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Economic News Release

Commissioner's Statement on the Employment Situation News Release

Advance copies of this statement are made available to the press 
under lock-up conditions with the explicit understanding that 
the data are embargoed until 8:30 a.m. Eastern Daylight Time.

                            Statement of

                          Erica L. Groshen
                     Bureau of Labor Statistics
                      Friday, September 5, 2014

      Nonfarm payroll employment rose by 142,000 in August, and 
the unemployment rate was little changed at 6.1 percent. 
Employment rose in professional and business services and in 
health care. 
      Incorporating the revisions for June and July, which 
reduced total nonfarm employment by 28,000 on net, monthly job 
gains have averaged 207,000 over the past 3 months. In the 12 
months prior to August, employment growth averaged 212,000 per 
      Professional and business services added 47,000 jobs in 
August. Within this industry, employment in management of 
companies and enterprises increased by 8,000 over the month. 
Employment continued to trend up in administrative and support 
services (+23,000), architectural and engineering services 
(+3,000), and in management and technical consulting services 
(+3,000). Over the year, employment in professional and business 
services has expanded by 639,000.
      Health care employment grew by 34,000 in August with job 
gains in offices of physicians (+8,000) and in hospitals 
(+7,000). Over the past 12 months, employment in health care has 
risen by 233,000. 
      Employment in food services and drinking places continued 
to trend up in August (+22,000) and is up by 289,000 over the 
      Construction employment also continued on an upward trend 
in August (+20,000). This is in line with its average monthly 
job gain of 18,000 over the prior 12 months. 
      Manufacturing employment was unchanged in August, following 
an increase of 28,000 in July. Employment in motor vehicles and 
parts manufacturing was down by 5,000 over the month after 
increasing by 13,000 in July. Firms in this industry laid off 
fewer workers than usual for factory retooling in July and 
recalled fewer workers than usual in August. This contributed to 
a seasonally adjusted increase in July and decrease in August. 
Employment growth in motor vehicles and parts manufacturing 
averaged 4,000 over the past 2 months, the same as its average 
monthly gain for the 12 months prior to July. 
      Retail trade employment was little changed in August 
(-8,000). Within retail, employment declined in food and 
beverage stores (-17,000); this industry was impacted by 
employment disruptions at a grocery store chain in New England. 
Elsewhere in retail, employment increased in auto dealerships 
      Employment in other major industries showed little change 
over the month.
      Average hourly earnings of all employees on private nonfarm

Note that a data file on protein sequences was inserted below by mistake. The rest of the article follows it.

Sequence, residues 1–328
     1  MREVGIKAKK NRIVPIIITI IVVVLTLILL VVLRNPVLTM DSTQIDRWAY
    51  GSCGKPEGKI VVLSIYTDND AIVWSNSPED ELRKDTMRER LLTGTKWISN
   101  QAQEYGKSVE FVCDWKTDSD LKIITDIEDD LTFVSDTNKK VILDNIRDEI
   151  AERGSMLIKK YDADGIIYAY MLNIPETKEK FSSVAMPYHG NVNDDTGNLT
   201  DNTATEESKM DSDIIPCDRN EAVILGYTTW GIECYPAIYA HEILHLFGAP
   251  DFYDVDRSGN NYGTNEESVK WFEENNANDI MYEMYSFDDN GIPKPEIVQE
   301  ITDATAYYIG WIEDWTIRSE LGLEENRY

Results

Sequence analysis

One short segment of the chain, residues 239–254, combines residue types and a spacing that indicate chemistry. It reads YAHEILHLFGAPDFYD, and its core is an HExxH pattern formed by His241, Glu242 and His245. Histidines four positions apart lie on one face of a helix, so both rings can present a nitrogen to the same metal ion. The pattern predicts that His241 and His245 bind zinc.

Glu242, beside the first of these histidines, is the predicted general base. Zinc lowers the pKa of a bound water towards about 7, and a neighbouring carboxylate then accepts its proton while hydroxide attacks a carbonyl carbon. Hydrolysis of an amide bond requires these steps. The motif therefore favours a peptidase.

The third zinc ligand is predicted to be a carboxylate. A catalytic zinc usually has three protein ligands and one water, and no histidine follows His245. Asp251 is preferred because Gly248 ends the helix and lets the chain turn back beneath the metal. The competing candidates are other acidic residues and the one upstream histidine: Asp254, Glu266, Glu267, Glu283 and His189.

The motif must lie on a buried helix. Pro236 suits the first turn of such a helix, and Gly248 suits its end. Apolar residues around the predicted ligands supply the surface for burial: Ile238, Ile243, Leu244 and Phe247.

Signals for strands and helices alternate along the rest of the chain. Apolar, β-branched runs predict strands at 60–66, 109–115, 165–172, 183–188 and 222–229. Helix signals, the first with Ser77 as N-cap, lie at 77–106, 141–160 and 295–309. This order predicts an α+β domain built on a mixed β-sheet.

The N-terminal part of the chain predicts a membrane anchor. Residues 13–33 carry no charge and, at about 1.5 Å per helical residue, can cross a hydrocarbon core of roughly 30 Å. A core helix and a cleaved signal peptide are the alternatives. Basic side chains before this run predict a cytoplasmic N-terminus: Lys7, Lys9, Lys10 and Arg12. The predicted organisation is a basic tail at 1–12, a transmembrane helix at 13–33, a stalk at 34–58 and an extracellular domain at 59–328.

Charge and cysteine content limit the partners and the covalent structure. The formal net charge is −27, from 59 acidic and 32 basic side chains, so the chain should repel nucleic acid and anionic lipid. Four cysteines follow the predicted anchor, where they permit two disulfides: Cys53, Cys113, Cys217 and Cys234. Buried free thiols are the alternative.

payrolls rose by 6 cents to $24.53 in August. Over the 12 months 
ending in August, average hourly earnings grew by 2.1 percent. 
From July 2013 to July 2014, the Consumer Price Index for All 
Urban Consumers (CPI-U) increased by 2.0 percent.
      Turning to measures from the survey of households, the 
unemployment rate was little changed in August, at 6.1 percent, 
but is down by 1.1 percentage points over the year. 
      In August, there were 9.6 million unemployed persons, 
little different from July. The number of long-term unemployed 
(those unemployed 27 weeks or more) declined by 192,000 over the 
month. The total number of unemployed has fallen by 1.7 million 
over the year, with about three-fourths of this decline among 
the long-term unemployed.
      The labor force participation rate, at 62.8 percent, was 
little changed in August and has been essentially unchanged 
since April. 
      In August, the employment-population ratio was 59.0 percent 
for the third consecutive month. Over the year, however, the 
employment-population ratio is up by 0.4 percentage point. 
      Among the employed, the number of people working part time 
for economic reasons was little changed at 7.3 million in 
August. (These individuals, also referred to as involuntary 
part-time workers, would have preferred full-time employment, 
but had their hours cut or were unable to find full-time work.)
      Among people who were neither working nor looking for work 
in August, 2.1 million were classified as marginally attached to 
the labor force, down by 201,000 over the year. (These 
individuals had not looked for work in the 4 weeks prior to the 
survey but wanted a job, were available for work, and had looked 
for a job within the last 12 months.) The number of discouraged 
workers, a subset of the marginally attached who believed that 
no jobs were available for them, was 775,000 in August, little 
changed over the year.
      In summary, nonfarm payroll employment rose by 142,000 in 
August, and the unemployment rate was little changed at 6.1 

Last Modified Date: September 05, 2014